Cross-border health care at Altnagelvin and Our Lady’s Children’s Hospital. Dublin, will remain available to patients from Derry and Donegal even in the event of a ‘no deal’ Brexit.
That’s according to the Taoiseach Leo Varadkar, and the Irish Health Minister, Eoghan Harris, who this week said reciprocal health care provision would continue notwithstanding Britain’s management of its departure from Europe.
Under current arrangements children from Derry with congenital heart problems can access life-saving heart surgery in Dublin.
Equally, patients from Donegal routinely access stent and cancer services at Altnagelvin Hospital at present.
During a reading of the Irish Government’s mammoth Brexit Bill in the Dáil this week, both senior ministers said none of this would change in 28 days time.
The Withdrawal of the United Kingdom from the European Union (Consequential Provisions) Bill 2019 is Dublin’s contingency plan for a ‘no deal’ Brexit and sets out the legislation that will be needed to protect the island from a damaging British crash-out.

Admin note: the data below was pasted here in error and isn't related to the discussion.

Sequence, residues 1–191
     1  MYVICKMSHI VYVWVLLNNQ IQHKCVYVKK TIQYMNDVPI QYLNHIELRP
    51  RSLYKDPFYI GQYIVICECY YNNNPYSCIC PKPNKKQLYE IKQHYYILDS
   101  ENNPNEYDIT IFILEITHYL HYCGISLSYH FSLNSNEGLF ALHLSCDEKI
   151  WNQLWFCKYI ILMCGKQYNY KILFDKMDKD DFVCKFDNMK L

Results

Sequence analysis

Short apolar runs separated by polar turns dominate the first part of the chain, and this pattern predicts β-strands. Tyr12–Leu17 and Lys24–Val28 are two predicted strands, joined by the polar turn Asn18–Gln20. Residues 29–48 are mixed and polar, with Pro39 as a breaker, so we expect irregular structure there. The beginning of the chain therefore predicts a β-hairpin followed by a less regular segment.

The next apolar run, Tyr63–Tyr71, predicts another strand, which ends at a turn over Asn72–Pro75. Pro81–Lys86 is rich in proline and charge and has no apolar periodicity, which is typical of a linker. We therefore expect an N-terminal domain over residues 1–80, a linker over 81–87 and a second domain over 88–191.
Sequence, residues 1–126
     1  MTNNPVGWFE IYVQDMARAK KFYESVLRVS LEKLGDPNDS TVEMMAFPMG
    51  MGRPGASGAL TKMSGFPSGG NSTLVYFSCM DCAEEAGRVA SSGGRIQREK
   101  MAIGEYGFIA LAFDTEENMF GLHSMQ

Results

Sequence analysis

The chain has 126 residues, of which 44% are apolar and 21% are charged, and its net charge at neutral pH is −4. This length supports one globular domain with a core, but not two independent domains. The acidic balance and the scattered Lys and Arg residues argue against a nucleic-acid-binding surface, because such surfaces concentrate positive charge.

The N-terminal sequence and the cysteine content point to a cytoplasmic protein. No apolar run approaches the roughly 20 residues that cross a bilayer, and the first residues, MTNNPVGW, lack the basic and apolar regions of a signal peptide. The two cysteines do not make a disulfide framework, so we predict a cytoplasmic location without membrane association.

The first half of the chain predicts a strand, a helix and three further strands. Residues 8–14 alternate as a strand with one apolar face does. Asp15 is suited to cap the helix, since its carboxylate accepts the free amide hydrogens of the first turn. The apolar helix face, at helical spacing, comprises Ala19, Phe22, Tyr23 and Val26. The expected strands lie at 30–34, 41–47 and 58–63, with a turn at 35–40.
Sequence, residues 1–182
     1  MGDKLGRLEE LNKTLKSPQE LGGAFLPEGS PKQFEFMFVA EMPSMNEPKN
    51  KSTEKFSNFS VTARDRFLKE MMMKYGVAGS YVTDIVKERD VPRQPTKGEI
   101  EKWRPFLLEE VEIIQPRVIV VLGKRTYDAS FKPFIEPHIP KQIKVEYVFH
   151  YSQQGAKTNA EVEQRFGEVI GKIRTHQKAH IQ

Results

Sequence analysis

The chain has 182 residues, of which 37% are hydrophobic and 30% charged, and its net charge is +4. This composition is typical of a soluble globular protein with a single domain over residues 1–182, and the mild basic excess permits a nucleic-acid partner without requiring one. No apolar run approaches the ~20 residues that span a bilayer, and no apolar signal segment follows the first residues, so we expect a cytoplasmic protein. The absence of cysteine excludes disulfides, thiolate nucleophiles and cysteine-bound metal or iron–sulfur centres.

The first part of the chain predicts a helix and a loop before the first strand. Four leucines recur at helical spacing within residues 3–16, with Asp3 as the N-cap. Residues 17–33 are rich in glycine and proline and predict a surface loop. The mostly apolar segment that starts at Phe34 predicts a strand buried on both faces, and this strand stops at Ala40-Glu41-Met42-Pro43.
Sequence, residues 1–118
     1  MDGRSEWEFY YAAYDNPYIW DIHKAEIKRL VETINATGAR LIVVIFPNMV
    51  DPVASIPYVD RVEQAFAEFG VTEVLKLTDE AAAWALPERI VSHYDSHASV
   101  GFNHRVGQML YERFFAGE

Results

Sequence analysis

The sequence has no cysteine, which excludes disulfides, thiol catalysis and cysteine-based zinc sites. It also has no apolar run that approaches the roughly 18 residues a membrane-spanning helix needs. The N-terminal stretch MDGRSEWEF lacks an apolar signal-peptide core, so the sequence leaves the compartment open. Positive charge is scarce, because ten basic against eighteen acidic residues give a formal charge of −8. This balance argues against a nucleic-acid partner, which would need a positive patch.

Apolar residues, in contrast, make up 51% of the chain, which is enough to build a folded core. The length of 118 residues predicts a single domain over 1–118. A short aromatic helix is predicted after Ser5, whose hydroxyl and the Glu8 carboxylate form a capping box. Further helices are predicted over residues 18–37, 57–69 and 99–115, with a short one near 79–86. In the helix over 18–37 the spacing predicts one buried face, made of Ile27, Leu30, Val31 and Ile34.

The Taoiseach said: “Across the 15 parts, there are health provisions to protect citizens on a North-South basis. As a result, that children in Belfast will be able to continue to come to Dublin for specialist paediatric care and patients in Donegal will continue to access hospital care in Altnagelvin Hospital in Derry.”
Deputy Harris said: “Both the Irish and UK governments are fully committed to continuing existing cross-border health service arrangements such as cardiology and cancer treatments in Altnagelvin Area Hospital in Derry and paediatric cardiology and associated maternity services in Dublin.
These are managed by Service Level Agreements, which do not require any legislative changes in the event of a no-deal Brexit.”
The Irish government believes cross-border health care will be safe in the event of a ‘no deal’ Brexit at the end of the month.